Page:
Peng, who graduated from the Wuhan Sports University in 2016, started transitioning to the cage at Nan Yan Fight Club, and has some quality experience under his belt. Now, the 21-year-old is preparing to make his promotional debut against “The Sweeping Monk” Chen Geng Min (3-0) in a strawweight affair.
Although he acknowledges how difficult training could be, he gets satisfaction in cultivating his talent. “Every time I was undergoing harsh training, part of me wanted to give up,” he admits. “But I always persevered through. It is the best thing in the world to see your progress with each passing day.”
Undefeated strawweight prospect “The Sweeping Monk” Chen Geng Min (3-0) is cleaning up the competition. He grew up in the rural Yunnan province with his little brother, and although he was overweight during his childhood, he grew out of that via martial arts.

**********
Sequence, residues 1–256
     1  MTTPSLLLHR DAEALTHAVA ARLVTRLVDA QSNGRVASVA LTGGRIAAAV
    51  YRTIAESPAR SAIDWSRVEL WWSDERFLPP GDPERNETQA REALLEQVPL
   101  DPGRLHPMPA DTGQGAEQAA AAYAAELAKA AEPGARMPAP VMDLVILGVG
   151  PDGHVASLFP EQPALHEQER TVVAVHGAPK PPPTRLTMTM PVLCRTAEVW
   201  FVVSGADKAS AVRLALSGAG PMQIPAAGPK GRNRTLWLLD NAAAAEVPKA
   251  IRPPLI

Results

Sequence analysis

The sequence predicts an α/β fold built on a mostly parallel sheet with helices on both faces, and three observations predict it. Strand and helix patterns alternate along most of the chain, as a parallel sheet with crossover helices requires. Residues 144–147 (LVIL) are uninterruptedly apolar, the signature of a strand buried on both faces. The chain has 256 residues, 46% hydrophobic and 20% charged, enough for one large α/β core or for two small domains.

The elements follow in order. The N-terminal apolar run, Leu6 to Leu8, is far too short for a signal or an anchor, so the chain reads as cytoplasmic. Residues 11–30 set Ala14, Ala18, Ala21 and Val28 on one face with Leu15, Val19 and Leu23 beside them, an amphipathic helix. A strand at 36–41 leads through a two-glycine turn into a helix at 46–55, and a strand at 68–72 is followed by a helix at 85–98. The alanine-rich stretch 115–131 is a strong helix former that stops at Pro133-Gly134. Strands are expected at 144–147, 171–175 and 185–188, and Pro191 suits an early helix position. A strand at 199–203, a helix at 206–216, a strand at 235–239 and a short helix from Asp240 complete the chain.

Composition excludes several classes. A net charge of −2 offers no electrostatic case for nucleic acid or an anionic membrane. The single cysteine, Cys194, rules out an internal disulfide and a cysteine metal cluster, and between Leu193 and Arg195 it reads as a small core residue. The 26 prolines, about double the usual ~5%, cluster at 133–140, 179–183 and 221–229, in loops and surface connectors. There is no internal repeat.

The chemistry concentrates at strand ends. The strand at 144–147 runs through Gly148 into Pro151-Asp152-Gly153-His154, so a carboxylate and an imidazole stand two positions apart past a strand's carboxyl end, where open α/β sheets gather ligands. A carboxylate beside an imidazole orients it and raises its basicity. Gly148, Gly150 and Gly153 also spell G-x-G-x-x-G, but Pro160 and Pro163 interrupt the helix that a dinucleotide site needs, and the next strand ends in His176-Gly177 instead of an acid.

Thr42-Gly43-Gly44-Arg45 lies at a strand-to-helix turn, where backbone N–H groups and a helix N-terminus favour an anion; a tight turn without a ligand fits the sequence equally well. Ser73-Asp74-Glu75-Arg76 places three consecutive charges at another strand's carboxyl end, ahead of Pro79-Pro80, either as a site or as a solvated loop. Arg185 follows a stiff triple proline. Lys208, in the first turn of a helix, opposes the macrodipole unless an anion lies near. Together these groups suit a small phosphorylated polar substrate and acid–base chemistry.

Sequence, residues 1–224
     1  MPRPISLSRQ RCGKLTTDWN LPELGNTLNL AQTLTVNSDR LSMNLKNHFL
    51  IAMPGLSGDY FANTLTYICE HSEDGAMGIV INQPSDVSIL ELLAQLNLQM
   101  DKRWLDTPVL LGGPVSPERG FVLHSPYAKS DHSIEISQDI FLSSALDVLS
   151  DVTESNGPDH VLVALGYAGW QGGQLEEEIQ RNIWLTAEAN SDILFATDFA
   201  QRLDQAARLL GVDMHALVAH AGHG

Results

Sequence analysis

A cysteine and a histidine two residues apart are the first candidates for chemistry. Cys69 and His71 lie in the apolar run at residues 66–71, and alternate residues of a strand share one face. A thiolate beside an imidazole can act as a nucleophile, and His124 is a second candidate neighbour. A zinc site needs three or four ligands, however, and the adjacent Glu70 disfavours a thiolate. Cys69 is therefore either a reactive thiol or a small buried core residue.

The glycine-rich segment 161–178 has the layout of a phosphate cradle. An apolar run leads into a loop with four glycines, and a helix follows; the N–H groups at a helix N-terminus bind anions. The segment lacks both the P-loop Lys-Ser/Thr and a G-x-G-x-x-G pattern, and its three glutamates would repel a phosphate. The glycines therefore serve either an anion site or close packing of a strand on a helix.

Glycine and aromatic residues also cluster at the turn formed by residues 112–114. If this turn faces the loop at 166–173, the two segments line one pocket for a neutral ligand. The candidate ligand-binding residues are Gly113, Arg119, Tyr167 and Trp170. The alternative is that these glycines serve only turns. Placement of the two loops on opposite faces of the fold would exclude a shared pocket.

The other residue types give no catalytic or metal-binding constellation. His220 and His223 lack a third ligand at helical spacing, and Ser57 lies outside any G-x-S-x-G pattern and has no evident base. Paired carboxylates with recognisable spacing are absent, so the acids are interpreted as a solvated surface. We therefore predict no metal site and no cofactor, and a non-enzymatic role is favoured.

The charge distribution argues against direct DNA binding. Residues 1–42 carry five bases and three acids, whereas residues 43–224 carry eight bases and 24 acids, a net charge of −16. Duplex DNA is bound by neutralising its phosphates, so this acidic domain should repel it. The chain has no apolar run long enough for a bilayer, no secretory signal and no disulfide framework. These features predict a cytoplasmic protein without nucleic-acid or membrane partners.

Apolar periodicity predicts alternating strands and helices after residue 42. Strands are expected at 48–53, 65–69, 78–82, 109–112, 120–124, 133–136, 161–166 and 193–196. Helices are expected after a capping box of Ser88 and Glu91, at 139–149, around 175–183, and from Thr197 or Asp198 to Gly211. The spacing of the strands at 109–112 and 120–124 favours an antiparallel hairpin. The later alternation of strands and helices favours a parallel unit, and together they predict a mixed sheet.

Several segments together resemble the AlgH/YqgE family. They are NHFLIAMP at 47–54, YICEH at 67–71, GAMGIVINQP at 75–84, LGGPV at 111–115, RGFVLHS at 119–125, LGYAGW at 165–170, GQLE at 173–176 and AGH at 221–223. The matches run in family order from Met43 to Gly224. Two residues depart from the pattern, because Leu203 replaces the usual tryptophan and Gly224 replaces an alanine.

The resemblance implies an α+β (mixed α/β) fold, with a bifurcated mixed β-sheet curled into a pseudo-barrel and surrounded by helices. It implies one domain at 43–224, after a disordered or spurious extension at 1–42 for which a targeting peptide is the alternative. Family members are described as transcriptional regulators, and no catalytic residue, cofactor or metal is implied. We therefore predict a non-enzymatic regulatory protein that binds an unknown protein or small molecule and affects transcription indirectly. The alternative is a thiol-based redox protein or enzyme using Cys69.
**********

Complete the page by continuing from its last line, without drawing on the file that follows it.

The 26-year-old learned Muay Thai while attending school, and after graduating from Tibet University with an economics degree in 2014, he studied Brazilian jiu-jitsu. Chen current holds a blue belt and has won a couple of BJJ tournaments, including the GCJJF Championship.
In 2016, he made the switch to professional competition, and now the unbeaten Chen makes his promotional debut on 2 September. He faces his toughest opponent yet in the aforementioned Pen Xue Wen. “I am very excited to compete on the stage of ONE Championship,” he says. “It is a crucial step in my career and my life, and I will seize the opportunity.”
Miao Jie (2-1) may be called “supermom” because she will do anything for her loving son, but she has some legitimate martial arts skills befitting of a hero. The 30-year-old Shanghai native has practiced judo ever since the fourth grade, is a National Youth Women’s Wrestling Champion, and this past summer, placed third at the IBJJF World Championships.